My winter blues have hit hard and early this year. My body is getting achy and there are days when all I want to do is soak in the tub, but the bathroom is still a construction zone. My husband is pretty confident that it will be done before Christmas, but that’s still a number of dark and gloomy days away. So I told him that I’ll probably just sit on the couch and cry until it’s done.

I’m starting to feel anxious about Thanksgiving coming up. I don’t have the emotional reserves to deal with being around my family, but I don’t want the children to spend the holiday cooped up alone. It would be awkward to ask any of our friends if we could join them, since they probably have plans with their own families.  I’m not sure what we should do.

I want to try hypnotherapy for S.A.D., but finding a quiet moment isn’t the easiest task in the world with small children.


When I was a teenager I saw a Dateline episode on hypnobirthing, and it really struck a chord with me — it’s what got me started down the path of natural birth in the first place. However, since our circumstances had been so stressful during my first pregnancy, I let the idea go.

Now that I’ve started watching birth videos, I have inevitably clicked on the ones that use hypnobirth. Watching women look so calm while they are in labor has brought back that old spark, the feeling that this is how I want to deliver my baby. I’ve made up my mind — this is what I’m doing.

I have a lot of fear inside. I’m terrified of having another premature baby, of losing my head during labor, of not feeling safe and loved during that critical moment. I have a lot to work through before my baby comes, so it won’t leak out of my subconscious and turn into pain. It feels like such a momentous task, but I know that I can do it.

As I’ve been practicing meditation and cultivating a calmer disposition, the toddler has started behaving better for me and throwing less tantrums. No matter what happens during labor, doing this is already benefiting my family.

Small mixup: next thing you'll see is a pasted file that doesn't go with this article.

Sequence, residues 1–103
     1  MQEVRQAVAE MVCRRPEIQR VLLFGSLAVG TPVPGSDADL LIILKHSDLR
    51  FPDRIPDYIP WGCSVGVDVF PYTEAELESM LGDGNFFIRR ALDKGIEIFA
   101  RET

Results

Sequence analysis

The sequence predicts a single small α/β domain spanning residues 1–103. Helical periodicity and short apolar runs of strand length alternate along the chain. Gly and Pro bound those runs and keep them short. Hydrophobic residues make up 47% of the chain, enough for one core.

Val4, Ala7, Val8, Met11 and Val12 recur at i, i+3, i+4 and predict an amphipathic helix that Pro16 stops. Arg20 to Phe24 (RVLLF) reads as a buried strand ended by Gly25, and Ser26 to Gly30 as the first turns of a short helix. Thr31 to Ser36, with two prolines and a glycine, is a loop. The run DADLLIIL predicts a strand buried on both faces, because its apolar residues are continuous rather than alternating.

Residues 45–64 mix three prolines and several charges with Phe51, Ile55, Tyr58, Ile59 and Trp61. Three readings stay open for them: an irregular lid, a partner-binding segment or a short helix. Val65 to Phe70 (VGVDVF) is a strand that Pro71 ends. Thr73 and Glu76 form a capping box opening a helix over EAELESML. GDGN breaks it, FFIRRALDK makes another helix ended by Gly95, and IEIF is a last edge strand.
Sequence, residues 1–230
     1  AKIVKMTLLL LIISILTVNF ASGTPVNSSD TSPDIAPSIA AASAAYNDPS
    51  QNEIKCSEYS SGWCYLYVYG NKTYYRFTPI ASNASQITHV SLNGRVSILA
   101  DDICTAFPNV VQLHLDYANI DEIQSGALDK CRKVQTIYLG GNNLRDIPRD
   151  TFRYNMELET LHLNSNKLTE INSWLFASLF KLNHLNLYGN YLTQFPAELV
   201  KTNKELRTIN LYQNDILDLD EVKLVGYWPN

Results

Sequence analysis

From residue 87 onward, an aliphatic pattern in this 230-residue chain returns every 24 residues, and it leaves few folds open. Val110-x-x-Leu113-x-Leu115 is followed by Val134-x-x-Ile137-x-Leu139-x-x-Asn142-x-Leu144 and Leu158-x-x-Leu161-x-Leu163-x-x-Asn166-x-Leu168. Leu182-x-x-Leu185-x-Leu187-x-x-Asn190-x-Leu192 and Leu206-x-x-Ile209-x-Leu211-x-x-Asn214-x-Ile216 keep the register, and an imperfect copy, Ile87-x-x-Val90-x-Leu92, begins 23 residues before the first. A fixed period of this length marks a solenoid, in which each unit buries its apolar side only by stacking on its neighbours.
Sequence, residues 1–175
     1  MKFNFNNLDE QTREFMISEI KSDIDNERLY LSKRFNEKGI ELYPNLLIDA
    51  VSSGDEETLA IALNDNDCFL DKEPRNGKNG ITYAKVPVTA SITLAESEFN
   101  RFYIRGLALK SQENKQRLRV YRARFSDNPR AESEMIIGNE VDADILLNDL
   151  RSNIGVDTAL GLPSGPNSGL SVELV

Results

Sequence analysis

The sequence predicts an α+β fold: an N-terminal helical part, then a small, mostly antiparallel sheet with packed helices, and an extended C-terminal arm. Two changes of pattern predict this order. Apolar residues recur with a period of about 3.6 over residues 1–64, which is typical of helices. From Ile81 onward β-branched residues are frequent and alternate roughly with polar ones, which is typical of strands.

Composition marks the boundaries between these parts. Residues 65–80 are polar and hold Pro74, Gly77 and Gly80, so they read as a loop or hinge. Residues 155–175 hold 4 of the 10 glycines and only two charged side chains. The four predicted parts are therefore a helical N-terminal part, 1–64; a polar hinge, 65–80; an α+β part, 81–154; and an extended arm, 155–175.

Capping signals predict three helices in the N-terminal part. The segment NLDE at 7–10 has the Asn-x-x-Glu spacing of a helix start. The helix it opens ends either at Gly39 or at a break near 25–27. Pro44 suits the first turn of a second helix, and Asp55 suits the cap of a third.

The three-year-old woke up in the middle of the night, and called out, “Mommy! Where are you?” On my way to their bedroom, I very distinctly saw a dark figure that looked like a man without a head move from their doorway to the top of the stairs nearby then vanish. Normally when the children wake up at night, they settle down very quickly once I’m with them, but not this time. They were both very upset and kept crying, so I called my husband into the room. Without hinting at what I had seen earlier, I asked our three-year-old, “Where is it?” She answered, “By the stairs.”

After my husband got rid of it, the girls immediately settled down and fell asleep. We talked for a little bit, about how it had been some months since the last time we had encountered anything spooky, and I wondered if it was the time of year with Halloween approaching.

I’ve never really doubted that these sorts of experiences were real, yet it’s still a bit strange to have my daughter corroborating them without any sort of guidance from my husband and me. She knows.


I’m learning that there are benefits to having a doula as a good friend. Simply talking to Sage about pregnancy and childbirth has helped me start working through the mixture of emotions that I’ve been going through, and uncovered that buried terror of giving birth that I’ve been conveniently ignoring. My first baby was born prematurely after a very long and painful labor, and all of that fear and heartache came out during my labor with my second baby, driving me out of my head and out of control. Up until a couple weeks ago, I had been ignoring the fact that I am going to be giving birth again.

Intellectually I know the ins and outs of giving birth. Heck, at it’s core, it’s mainly just listening to your instincts and letting your body do it’s job. So, I did something that I haven’t done in four years: I watched a birth video.

I cried. I cried with the disappointment over how my first two labors had gone. I cried with how beautiful it is to give birth, how such a painful experience was transformed into the greatest love I’ve ever known. I cried with how empowering it is for a woman to face her worst fears and overcome them for the sake of another who needs her to be strong. I cried, and cried, and cried. Motherhood is beautiful.

I don’t know how this third time will go. I don’t know how much time it will take, or how badly it will hurt, but I am so incredibly blessed to be able to do this again. I can overcome the pain and fear that I experienced in the past, and I can give my all for my baby.